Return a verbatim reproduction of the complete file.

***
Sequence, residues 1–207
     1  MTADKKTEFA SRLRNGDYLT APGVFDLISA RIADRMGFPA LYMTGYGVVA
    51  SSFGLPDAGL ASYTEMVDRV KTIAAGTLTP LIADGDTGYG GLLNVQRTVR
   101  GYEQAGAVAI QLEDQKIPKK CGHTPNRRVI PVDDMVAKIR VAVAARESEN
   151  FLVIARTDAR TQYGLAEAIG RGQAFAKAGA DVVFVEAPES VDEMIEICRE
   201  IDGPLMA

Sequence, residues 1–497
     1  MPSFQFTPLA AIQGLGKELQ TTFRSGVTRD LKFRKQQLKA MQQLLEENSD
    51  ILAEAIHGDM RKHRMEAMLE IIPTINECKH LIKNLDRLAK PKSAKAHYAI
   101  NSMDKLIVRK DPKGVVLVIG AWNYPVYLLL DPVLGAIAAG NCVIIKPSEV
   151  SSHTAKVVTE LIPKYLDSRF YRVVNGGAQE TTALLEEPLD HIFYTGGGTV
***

Sequence, residues 1–207
     1  MTADKKTEFA SRLRNGDYLT APGVFDLISA RIADRMGFPA LYMTGYGVVA
    51  SSFGLPDAGL ASYTEMVDRV KTIAAGTLTP LIADGDTGYG GLLNVQRTVR
   101  GYEQAGAVAI QLEDQKIPKK CGHTPNRRVI PVDDMVAKIR VAVAARESEN
   151  FLVIARTDAR TQYGLAEAIG RGQAFAKAGA DVVFVEAPES VDEMIEICRE
   201  IDGPLMA

Sequence, residues 1–497
     1  MPSFQFTPLA AIQGLGKELQ TTFRSGVTRD LKFRKQQLKA MQQLLEENSD
    51  ILAEAIHGDM RKHRMEAMLE IIPTINECKH LIKNLDRLAK PKSAKAHYAI
   101  NSMDKLIVRK DPKGVVLVIG AWNYPVYLLL DPVLGAIAAG NCVIIKPSEV
   151  SSHTAKVVTE LIPKYLDSRF YRVVNGGAQE TTALLEEPLD HIFYTGGGTV